On the legroom issue.. When I booked, all the centre section was shown as sold out, so I booked an aisle seat on the back row. When I collected my ticket, surprise surprise, I was offered an upgrade. No thanks, I said. When I showed my ticket to the usher, he remarked that they were upgrading that row. No thanks, I said. After I had taken my seat, somebody who appeared to be a theatre reviewer sat just in front of me. Even she suggested I could sit further down. To her, I explained that I didn't want to, because of the legroom. I was left alone after that, and had a most pleasant evening, with no cramped-ness.

Funny thing, the place was only a third full. Now, it sold out when it was playing the Finborough, but that's a tiny venue. What's curious is that all those seats showed up as full when I booked. I just checked, it doesn't seem to be happening for tonight. Weird..

On another note, someone took a nasty spill on the stairs as people were taking their seats. It's worth noting - most people are fine, but accidents can happen, and these are not the easiest steps to negotiate that I've ever seen. She hurt her knee, and she and her friends seemed to decide to leave after that. Apart from the knee, she seemed in ok spirits as they passed me..

Thinking about Gutted in Stratford tonight. Nuisance, trailing all the way out there, but it sounds good. We'll see. Going to Sleeping Arrangements in the Landor Theatre tomorrow night. It keeps coming up in the listings, seems to have been getting more popular. So that'll be another ticked off..

Tuesday, 7 May 2013

Final Day of Travel: Wells

Decided not to have breakfast, there being no mention of what it cost. Had thought check-out was 11, delighted to discover it wasn't until 12, but still decided to try and make the 11.35 bus to Wells. There is only one per hour on bank holidays, and I didn't want to waste the day.

Lifts were working, fortunately. Had to queue for check-out. It was 11.10 by this stage, and I was beginning to get nervous about making the bus. And was right to be. You know, they're lovely at this hotel, but completely scatty. So, I finally got to the desk, she made out my bill and informed me I had about £34 outstanding. You what?! I asked for an itemised bill, which took some minutes to print out, and asked her to explain the charges.

She explained I was being charged for three breakfasts, having been there for three nights. O lordy, would someone please explain the basics of hotel administration to these people?! I had to tell her, several times, because she didn't seem to be getting it, that I only had two breakfasts, and that of those, I had a voucher for one. And why.

Just as well, breakfast seemed to cost £12.90. Rip-off, as ever. Stil doesn't explain one charge of £13.75 on my bill. In fact, my bill was littered with unexplained charges. And I'm still trying to make a bus. In the end, there was such confusion that I ended up not paying for breakfast at all. Which makes it all's well that ends well.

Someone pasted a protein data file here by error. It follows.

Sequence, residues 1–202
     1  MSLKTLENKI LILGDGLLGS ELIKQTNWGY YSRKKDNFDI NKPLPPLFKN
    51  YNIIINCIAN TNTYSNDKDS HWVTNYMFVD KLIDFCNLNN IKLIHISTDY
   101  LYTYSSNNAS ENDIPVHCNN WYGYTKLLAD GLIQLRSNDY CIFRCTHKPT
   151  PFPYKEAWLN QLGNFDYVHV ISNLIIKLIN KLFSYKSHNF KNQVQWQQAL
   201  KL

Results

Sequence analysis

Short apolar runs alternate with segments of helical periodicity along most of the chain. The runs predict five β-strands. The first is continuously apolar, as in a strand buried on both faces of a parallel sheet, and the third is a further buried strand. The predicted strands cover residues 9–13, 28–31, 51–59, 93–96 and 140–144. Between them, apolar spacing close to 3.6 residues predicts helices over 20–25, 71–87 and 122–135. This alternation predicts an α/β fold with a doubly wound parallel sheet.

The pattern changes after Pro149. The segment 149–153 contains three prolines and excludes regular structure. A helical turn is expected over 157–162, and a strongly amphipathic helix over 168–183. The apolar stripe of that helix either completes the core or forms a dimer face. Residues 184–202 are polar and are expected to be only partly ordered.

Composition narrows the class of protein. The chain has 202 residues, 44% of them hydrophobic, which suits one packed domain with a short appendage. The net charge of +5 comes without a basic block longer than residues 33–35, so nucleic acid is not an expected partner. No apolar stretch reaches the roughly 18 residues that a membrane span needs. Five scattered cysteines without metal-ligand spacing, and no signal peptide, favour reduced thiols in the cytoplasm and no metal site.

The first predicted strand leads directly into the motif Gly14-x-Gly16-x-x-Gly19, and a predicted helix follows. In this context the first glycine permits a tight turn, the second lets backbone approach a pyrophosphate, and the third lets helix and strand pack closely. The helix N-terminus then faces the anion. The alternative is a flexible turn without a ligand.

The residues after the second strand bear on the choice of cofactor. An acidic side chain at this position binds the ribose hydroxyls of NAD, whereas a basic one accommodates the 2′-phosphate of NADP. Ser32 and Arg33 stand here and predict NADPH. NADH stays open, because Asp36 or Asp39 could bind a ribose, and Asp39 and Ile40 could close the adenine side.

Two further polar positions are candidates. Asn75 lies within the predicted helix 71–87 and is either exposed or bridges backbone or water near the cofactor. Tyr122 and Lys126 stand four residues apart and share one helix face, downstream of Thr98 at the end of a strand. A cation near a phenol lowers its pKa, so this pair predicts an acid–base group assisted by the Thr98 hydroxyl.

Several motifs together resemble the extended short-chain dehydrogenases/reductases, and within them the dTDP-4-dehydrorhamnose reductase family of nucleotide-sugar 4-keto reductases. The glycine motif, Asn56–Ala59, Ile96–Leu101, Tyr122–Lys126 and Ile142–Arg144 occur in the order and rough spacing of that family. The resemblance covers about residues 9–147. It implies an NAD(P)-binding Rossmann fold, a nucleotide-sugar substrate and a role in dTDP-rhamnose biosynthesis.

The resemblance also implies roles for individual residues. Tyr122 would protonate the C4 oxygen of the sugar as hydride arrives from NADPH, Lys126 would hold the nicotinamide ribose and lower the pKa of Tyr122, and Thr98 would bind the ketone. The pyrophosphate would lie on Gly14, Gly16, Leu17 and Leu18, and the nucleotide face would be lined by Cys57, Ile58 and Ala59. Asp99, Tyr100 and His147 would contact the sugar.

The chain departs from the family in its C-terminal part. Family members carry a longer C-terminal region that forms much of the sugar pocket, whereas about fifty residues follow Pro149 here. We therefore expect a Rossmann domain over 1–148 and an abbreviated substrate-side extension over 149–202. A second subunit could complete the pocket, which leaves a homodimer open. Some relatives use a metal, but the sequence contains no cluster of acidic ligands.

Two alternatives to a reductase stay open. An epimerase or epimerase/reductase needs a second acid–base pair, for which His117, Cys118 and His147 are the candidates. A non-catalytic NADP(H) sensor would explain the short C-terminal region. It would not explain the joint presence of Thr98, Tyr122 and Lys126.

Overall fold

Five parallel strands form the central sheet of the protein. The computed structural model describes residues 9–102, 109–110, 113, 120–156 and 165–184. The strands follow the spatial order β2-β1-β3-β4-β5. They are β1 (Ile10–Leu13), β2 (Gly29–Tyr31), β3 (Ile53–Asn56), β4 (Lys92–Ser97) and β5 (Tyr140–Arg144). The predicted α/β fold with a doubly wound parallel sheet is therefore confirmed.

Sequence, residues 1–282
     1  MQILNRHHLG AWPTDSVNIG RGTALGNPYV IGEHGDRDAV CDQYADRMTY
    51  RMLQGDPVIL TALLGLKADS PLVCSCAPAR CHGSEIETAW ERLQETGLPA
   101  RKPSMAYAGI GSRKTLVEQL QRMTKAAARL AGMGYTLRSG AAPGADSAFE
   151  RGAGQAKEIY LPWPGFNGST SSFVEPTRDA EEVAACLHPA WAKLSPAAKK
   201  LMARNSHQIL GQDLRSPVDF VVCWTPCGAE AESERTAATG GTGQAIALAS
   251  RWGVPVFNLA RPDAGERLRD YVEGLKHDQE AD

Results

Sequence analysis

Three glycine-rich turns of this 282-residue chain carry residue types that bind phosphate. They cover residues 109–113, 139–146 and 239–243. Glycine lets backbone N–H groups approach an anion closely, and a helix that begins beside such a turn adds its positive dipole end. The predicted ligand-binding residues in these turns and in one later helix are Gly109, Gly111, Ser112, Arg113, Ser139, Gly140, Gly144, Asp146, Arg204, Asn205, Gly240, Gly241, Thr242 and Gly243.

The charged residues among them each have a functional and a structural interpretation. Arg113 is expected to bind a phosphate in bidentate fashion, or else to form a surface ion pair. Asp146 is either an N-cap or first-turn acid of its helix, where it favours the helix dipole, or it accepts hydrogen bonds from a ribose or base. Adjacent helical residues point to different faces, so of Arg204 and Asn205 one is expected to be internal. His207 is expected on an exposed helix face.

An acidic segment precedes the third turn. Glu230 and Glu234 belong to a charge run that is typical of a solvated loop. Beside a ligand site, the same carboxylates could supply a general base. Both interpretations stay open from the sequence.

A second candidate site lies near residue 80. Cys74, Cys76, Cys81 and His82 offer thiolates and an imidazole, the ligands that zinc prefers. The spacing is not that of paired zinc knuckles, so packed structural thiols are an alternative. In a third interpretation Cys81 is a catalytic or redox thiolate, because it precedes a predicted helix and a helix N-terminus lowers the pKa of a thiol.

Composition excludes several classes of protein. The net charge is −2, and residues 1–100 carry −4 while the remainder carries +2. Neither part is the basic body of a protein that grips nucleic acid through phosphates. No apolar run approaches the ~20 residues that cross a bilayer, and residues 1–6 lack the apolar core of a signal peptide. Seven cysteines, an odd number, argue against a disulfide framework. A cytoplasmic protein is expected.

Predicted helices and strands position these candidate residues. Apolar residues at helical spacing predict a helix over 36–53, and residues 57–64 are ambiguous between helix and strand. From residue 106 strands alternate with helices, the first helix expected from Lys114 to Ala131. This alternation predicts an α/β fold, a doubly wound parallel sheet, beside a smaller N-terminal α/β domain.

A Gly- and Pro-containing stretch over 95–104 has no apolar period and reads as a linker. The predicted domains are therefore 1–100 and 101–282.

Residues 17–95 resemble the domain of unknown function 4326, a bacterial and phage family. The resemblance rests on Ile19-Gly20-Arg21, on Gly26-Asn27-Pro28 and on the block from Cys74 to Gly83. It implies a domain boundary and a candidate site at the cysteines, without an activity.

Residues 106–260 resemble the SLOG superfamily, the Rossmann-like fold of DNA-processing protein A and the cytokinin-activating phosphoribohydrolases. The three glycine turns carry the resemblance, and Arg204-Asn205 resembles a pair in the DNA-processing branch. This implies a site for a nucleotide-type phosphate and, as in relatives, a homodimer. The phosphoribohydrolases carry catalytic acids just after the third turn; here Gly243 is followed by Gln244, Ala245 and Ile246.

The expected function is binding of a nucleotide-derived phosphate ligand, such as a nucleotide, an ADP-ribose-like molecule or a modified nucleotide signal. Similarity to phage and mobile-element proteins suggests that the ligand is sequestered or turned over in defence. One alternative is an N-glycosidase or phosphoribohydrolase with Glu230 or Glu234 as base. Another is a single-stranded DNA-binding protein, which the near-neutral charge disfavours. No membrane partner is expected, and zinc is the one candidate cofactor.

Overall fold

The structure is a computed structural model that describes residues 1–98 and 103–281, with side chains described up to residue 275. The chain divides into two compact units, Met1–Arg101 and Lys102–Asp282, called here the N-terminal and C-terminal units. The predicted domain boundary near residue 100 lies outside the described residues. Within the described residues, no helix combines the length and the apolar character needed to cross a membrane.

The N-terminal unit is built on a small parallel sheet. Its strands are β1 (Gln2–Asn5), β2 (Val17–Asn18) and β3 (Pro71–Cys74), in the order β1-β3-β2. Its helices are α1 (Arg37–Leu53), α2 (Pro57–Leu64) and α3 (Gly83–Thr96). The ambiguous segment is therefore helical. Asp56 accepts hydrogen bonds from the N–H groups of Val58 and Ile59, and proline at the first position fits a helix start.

Left them in charge of my case and galloped for the bus. Which, naturally, was late. In the meantime, I had time to be confused several times by people asking me questions. I must have that kind of face. Confused, why? I dreaded anyone at all speaking to me, because I could not understand one word of what they said. Impenetrable accent..

Bus was a bit stuffy in the glorious sunshine, but relieved from time to time by a breeze wafting from the windows. After a winding journey of just under an hour, through rolling hills with sheep on them, we arrived in Wells. No problems at all figuring out where to get off. Wells isn't that big anyway, but when we passed a wall with gaps in it, through which we could see a whopping great cathedral, we all decided this would be a good place to get off.

To the sound of drums. We'd arrived in the middle of a May fair! and the Mendip Drummers were entertaining us. Right in front of a mediaeval gatehouse, over the top of which some of the cathedral spires were visible.

Passed through the Pauper's Gate, in which, appropriately, a pauper was begging, and into Cathedral Close, which is the first proper view you get of this amazing cathedral. Truly, this is spectacular. The front has something like 300 statues, many life-size. It is a majestic sight. And impressive to see that there is no entry fee, just a suggested donation. And you have to buy a photo permit, which is fair enough. I don't think I'd recommend the guided tours, you're better off with a good guidebook and taking the time to dwell on the interesting bits. I listened to the tour for a while, and decided I'd rather wander off on my own.